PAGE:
Susie Bright/Reid Mihalko Interview Part 10

by Reid on June 18, 2018

Susie Bright/Reid Mihalko Interview Part 10






Join author, feminist and sexpert Susie Bright as professional sex geek Reid Mihalko of interviews her about sex, porn, growing up, raising children, feminism and everything in between.

To download the full transcript and audio from this video series, go to:…

From her life story (recently told in her memoir “Big Sex Little Death”) to her vital role bringing women’s enjoyment of porn out of the closet to her current status as sex-positive stateswoman and cultural commentator, Susie Bright’s seen it all and talks about it with insight, warmth and humor with sex and relationship expert Reid Mihalko at San Francisco’s historic Center for Sex and Culture, October 11, 2011!

ABOUT SUSIE: Susie Bright from is the editor of The Best American Erotica series and host of the weekly audio show In Bed with Susie Bright on She has been a columnist for Playboy and Salon, and has been profiled in USA TODAY, Los Angeles Times, Esquire, Rolling Stone, Mother Jones, and Vanity Fair, among other publications. An international lecturer on sexuality and feminism, she won the 2004 Writer of the Year Award at the Erotic Awards in London. Ms. Bright lives in Santa Cruz, California.

ABOUT REID: The golden retriever on espresso of sex and relationship educators, Reid Mihalko of helps adults create more self-esteem, self-confidence and greater health in their relationships and sex lives, no matter what their self-expression of those happen to be. Know for his charisma, wit, and emphasis on integrity, Reid’s workshops have been attended by close to 40,000 individuals from myriad walks of life, orientations, relationship styles, countries and religions. Reid has been a writer and producer on a number of films and television projects about sex and relationships, lectures often at colleges across North America, and appears regularly in the media. He has appeared on the Emmy award-winning talk show Montel, Fox News, VH1’s Scott Baio is 45 and Single, Showtime’s Penn & Teller’s Bulls**t!, Canada’s The Sex Files and SexTV, on NPR, Sirius’ Maxim Radio and Cosmo Radio, and in Marie Claire, GQ, Details, People, Newsweek and The National Enquirer, as well as media across the globe in thirteen countries and at least seven languages. Follow Reid twittering as @ReidAboutSex.

Many thanks to Cathy Vartuli of for editing this interview and for organizing the transcripts and audio downloads!

Reid: And I think that what helps too, is this joke I tell: “Don’t go shoe shopping at the grocery store.” Like, if you’re hanging out with sex-positive people who are into sensuality and aren’t necessarily ageists, and those are the people you’re making invitations to, and you’re not pulling off some sort of unconscious or conscious creepy vibe, I think in those ways, the rejection is either… Because people who are savvy, they can let you down nicely too.

There is something to be gained from hanging out with people who have done some consciousness rising. And the rejection still, on a small day, it kills me. Because I’m not much more than a seventh-grader, really. Maybe eighth grade, on a good day.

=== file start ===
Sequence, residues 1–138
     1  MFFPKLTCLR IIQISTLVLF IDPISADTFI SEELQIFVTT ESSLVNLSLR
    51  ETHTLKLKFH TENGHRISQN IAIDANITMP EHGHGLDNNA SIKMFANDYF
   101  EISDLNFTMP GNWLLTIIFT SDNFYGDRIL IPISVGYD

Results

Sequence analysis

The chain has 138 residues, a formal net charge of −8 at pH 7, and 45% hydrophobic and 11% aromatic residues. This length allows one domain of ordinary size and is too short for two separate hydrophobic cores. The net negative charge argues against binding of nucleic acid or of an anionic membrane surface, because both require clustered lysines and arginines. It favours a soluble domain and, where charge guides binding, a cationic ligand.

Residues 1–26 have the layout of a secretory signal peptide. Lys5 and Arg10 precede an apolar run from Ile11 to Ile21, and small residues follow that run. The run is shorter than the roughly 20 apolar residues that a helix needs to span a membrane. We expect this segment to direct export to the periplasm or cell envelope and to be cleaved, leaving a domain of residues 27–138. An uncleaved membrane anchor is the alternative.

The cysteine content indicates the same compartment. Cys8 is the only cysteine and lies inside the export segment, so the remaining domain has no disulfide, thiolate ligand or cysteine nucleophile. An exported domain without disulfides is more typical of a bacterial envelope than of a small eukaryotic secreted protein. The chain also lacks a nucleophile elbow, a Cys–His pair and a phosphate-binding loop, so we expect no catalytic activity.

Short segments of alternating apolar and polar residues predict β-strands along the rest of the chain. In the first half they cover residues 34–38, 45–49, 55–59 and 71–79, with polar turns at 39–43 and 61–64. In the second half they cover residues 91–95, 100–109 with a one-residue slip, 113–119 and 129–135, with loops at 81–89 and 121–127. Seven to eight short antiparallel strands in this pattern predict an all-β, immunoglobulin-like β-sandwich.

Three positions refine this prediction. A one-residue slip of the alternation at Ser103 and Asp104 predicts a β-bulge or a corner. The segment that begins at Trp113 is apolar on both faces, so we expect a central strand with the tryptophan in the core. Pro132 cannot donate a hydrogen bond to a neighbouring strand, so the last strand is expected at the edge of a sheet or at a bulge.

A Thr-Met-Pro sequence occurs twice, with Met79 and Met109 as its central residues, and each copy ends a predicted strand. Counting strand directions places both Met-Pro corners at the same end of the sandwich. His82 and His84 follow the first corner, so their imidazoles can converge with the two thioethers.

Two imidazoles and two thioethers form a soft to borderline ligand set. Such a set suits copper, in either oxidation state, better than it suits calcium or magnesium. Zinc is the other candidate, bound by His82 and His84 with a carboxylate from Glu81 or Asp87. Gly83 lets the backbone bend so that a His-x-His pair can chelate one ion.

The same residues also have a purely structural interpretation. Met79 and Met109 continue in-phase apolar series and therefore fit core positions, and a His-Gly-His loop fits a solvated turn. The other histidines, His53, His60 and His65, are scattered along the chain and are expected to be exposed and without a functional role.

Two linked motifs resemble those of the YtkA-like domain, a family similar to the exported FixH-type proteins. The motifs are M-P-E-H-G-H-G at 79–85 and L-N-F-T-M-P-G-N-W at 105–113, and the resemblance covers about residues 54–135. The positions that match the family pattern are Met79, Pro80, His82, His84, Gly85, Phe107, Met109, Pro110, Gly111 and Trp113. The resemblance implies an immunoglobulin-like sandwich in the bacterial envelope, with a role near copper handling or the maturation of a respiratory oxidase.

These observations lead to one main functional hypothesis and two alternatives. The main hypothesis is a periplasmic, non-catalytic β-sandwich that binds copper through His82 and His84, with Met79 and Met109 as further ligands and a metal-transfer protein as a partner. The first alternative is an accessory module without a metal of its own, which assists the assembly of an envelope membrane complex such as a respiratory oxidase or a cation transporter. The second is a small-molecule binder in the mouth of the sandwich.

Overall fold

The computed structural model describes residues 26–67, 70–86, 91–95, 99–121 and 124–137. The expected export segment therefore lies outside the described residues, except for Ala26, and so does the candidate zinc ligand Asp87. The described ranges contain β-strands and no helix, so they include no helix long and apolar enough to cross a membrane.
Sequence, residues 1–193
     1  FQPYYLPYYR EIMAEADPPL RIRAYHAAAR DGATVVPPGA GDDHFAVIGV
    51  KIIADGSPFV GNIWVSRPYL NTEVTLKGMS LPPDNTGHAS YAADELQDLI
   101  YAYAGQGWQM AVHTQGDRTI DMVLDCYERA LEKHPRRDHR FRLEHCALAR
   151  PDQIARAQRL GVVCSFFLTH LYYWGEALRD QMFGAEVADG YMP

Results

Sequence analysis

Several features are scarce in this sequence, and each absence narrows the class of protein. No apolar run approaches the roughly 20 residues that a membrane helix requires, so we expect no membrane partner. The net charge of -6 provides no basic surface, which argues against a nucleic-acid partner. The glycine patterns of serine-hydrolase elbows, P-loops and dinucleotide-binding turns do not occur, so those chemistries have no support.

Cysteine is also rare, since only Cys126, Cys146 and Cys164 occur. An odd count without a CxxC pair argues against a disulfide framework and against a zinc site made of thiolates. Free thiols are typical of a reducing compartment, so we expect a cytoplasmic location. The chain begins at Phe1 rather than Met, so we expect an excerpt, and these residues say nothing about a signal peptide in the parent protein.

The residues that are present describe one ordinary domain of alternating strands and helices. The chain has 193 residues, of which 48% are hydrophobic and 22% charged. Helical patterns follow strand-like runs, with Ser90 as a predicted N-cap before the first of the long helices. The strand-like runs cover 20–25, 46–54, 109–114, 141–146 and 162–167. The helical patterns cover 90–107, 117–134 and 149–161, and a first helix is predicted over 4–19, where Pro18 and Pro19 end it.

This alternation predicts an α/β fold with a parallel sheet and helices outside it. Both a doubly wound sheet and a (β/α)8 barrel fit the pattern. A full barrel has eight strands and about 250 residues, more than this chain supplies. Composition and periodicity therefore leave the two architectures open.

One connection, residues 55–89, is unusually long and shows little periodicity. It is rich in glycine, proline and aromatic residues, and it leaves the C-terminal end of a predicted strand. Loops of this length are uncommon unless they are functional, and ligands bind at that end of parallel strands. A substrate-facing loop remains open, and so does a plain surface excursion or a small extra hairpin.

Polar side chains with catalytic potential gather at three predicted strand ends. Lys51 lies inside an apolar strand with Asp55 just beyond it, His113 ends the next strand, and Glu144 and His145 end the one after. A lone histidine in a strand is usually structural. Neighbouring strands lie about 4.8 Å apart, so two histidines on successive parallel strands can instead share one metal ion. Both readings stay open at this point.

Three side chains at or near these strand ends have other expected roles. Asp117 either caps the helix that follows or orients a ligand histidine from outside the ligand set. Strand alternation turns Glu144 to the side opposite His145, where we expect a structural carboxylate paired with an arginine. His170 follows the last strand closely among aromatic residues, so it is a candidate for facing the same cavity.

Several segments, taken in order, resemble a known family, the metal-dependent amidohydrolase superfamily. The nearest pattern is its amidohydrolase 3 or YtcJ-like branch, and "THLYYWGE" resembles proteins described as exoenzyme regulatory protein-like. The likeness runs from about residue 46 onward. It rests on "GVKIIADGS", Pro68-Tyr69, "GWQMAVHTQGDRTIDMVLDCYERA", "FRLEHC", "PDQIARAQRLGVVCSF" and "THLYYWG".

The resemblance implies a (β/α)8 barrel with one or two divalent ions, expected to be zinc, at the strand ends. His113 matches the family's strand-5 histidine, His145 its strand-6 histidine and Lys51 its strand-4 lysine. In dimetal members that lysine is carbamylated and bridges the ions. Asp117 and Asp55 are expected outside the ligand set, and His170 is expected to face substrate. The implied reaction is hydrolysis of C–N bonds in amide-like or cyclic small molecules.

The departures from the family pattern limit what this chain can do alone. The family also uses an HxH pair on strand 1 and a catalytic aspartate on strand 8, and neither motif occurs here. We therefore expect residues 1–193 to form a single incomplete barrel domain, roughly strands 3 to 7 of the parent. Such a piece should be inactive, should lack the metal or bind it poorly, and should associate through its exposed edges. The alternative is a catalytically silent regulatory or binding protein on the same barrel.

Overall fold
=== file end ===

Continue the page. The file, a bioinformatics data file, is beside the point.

Susie: You know, that’s a really good point. So often, I’ll hear from people who want to say, “I want to have my first gay experience, but I don’t want to go to some weird gay event where everyone is gay,” or “I really want to have a threesome, so I keep going to church, hoping that I’ll meet someone who would be willing to try this,” and I’m like, “Are you fucking out of your mind?” [laughter] You need to go to where the kinky people are to find the people who want to have threesomes.

And you have to go to things that say “gay, gay, gay” if you want to get laid by a homo. And the chance that you will meet some quiet, shy, timid person who is afraid of everything that wants to do this, it’s just… You really have to think of the statistics and work from there. I know, when people talk about… I’m sure this isn’t you, but for the most part, when I meet people who say, “I don’t know where to begin, I don’t know how to meet people, I’m in a loveless marriage…” – you know, those kinds of things – they haven’t opened the door and walked outside. They have not gone to a destination where it could even be possible.

And the prison of loneliness that they’re talking about, in most cases, has to do with that great fear of taking a chance in a new milieu. I mean, my God, if I said my social life was restricted to the people that went to my daughter’s elementary school – I mean, are you kidding? That would not have been the sexual hunting ground for me. A couple of exceptions, but…

Reid: Wonderful, wonderful exceptions.

Susie: Wonderful exceptions!

Reid: Any other questions? Yes, in the back.

Audience Member: *** And basically, they’re saying that there are gay people out there who *** okay, but there isn’t really the in-between of communication, ***, and so forth, and all these things that come up for them. ***

Susie: Well, I’m going to give you the shortcut answer and then the big picture.

The shortcut answer is you have to look at the used bookstores and find a copy of Joanie Blank’s “A Kid’s Book About Sex.”

Audience Member: It’s available for free download on my website.

Susie: It is? Oh my God! That’s wonderful. So it’s a free download on Joanie’s website.